There’s euphoria in the streets.

The stock market is soaring and investors are roaring.

Iconic investor Paul Tudor Jones, notable client of self-help celebrity Tony Robbins, says the demand side of the US economy is $3.5 trillion greater than it would normally be because of all the money created out of thin air.

This may seem innocent. It’s not.

Jones goes on to say those trillions of dollars are “just sitting in liquid deposits that can go into stocks or crypto or real estate or can be consumed…It’s waiting to be utilized, which is why inflation will not be temporary.”

Shrinkflation equals consumer theft

Many of the consumables we buy hide inflation. Check out these examples.

Image Credit: Jessie Walczyk via Quora

The packaging changes over time to reduce how much product we get. None of us bats an eyelid. We just accept it. Again, this may seem silly. Let me join the dots for you.

The calculation used for inflation doesn’t factor shrinkflation in. So the theft from inflation looks smaller than it is.

The million-dollar question that keeps us awake at night

What’s my inflation rate, mate?

That’s what we secretly should want to know. The idea we all have the same inflation rate is stupid. Only sheep people fall for this nonsense.

A lot of why inflation sparks heated debates is because everyone spends their money differently so there’s no single inflation rate.

Your inflation may be very different than someone else’s, then people get angry that others don’t see what they see. — Morgan Housel

American Federal Reserve chairman Jerome Powell and his team are responsible for the monetary policy that speeds up or slows down US dollar inflation, the currency most of the world’s goods are denominated in.

In a recent video it became clear that Jerome used a different inflation metric to help make inflation seem less than it is. Instead of looking at the last twelve months, he focused on the last eighteen months’ consumer prices to minimize the effect of the 2020 coroni-macaroni.

Well-known investor and star of the movie “Big Short” Michael Burry got extremely pissed off with Uncle Jerome when he found this out. He went on a rant about it on Twitter.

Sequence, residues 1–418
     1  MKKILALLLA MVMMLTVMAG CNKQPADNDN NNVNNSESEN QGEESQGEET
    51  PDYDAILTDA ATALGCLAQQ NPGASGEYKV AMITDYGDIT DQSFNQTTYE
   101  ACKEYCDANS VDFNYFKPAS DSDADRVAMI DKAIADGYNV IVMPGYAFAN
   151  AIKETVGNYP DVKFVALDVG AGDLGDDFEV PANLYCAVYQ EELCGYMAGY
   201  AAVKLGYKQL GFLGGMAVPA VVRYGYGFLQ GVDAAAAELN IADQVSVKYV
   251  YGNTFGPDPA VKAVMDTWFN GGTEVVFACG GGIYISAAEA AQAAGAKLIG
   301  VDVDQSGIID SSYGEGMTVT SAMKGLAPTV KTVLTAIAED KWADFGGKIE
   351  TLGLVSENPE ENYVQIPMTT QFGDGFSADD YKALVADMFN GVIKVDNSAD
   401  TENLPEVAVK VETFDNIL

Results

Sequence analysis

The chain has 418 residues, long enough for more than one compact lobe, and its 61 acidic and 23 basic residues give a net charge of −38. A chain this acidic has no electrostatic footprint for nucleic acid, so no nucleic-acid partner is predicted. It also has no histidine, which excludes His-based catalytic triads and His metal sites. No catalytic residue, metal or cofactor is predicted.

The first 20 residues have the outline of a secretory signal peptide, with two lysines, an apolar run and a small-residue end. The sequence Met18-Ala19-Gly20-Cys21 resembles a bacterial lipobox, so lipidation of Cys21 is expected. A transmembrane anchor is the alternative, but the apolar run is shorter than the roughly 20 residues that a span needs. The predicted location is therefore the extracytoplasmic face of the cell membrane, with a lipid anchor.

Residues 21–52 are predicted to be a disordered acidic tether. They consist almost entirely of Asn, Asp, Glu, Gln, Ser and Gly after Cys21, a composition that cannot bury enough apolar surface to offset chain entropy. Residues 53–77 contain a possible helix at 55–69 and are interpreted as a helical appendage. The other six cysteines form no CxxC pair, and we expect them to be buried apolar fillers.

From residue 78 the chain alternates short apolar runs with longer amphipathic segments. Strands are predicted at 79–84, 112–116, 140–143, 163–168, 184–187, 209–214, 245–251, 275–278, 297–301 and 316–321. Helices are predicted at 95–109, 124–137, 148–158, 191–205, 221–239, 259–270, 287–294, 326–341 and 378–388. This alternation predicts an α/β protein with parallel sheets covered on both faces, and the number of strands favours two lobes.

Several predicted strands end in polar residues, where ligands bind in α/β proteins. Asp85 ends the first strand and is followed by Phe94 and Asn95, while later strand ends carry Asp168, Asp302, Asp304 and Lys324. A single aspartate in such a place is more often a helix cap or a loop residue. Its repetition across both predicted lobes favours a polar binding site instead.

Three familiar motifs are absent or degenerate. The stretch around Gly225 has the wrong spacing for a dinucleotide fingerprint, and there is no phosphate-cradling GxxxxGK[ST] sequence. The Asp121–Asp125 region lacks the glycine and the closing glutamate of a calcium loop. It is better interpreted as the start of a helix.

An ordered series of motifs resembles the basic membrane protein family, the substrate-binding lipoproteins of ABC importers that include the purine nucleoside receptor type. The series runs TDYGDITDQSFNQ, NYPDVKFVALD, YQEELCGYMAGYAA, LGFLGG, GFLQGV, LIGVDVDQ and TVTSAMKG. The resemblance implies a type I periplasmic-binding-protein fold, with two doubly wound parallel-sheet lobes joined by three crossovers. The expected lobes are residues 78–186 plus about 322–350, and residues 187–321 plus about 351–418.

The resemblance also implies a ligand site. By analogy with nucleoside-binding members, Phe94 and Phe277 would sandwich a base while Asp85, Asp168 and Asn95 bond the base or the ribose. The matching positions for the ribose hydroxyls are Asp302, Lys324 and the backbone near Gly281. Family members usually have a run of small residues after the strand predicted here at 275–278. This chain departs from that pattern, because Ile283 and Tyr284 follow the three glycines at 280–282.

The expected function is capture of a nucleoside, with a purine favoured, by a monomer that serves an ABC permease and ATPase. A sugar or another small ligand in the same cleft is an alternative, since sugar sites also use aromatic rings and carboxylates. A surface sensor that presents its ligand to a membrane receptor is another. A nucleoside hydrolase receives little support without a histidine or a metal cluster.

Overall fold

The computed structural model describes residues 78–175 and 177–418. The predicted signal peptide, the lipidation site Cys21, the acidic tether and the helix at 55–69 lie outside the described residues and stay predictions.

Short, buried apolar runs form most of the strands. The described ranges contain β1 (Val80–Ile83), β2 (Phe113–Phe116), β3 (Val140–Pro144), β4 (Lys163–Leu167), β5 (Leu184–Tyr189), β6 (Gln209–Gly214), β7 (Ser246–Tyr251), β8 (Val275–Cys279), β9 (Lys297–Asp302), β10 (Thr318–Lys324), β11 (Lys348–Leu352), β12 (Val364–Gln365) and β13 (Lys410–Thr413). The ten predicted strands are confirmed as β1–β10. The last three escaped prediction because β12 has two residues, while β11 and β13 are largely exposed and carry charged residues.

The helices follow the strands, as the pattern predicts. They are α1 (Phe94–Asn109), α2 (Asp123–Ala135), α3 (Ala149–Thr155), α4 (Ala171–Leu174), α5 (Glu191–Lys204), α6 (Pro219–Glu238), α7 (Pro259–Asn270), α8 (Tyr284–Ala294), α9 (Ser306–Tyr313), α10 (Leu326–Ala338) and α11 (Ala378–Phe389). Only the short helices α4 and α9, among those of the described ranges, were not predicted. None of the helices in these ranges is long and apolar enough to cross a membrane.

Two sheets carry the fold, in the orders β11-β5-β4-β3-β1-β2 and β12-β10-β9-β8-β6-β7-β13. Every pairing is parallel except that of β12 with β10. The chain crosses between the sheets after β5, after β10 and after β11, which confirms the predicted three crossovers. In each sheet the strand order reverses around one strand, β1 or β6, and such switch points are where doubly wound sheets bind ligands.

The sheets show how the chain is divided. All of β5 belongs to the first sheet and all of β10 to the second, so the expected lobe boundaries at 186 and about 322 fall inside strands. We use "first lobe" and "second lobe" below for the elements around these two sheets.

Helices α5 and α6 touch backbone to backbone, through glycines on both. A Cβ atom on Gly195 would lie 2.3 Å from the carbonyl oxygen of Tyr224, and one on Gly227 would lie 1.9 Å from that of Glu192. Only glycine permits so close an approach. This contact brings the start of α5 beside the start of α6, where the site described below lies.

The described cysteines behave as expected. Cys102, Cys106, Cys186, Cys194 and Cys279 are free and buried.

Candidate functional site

Inflation is often thought of as a measurement of the cost of a basket of goods. The truth is it’s way more complicated. These factors are forgotten:

  • What time horizon are we using to measure prices?
  • Who’s inflation index are we using?
  • How old are you?
  • Where do you live?
  • Do you own a home?
  • Do you have financial assets?
  • Do you drive and how much gas does your car consume?

Mind-bender: inflation is deeply personal. Calculate your own inflation rate.

Inflation can make us do dumb stuff

Once you know your inflation rate it can be a blessing or a curse. I calculated my inflation rate for the last twelve months and it’s well over 20%.

When the truth about inflation is in front of your eyes, you get angry. That’s where the problem can start. To beat the rate of inflation the only solution is to invest your money.

Investing = Risk

In the old days your savings account paid a nice amount of interest and the risk of the bank rolling up your $100 bills and smoking them was low. Now the bank can’t save you from inflation.

When you’re on your own and have to invest, it’s easy to make dumb decisions or become too arrogant.

I’m guilty of this.

Inflation can easily become the trigger for us to make a series of dumb decisions that will hold us back for years, and even destroy our families.

Inflation turns owning a home on its head

Paying off your mortgage used to be a badge of honor.

Now it’s a sign that you don’t understand how money printing and asset price inflation works — Mike Alfred

When the way we value money changes, everything else changes with it. Paying off your home used to seem smart. When you calculate the benefit of doing so using inflation, things can quickly change. Getting debt for a home allows you to access leverage. Once you pay off the home you no longer have that leverage.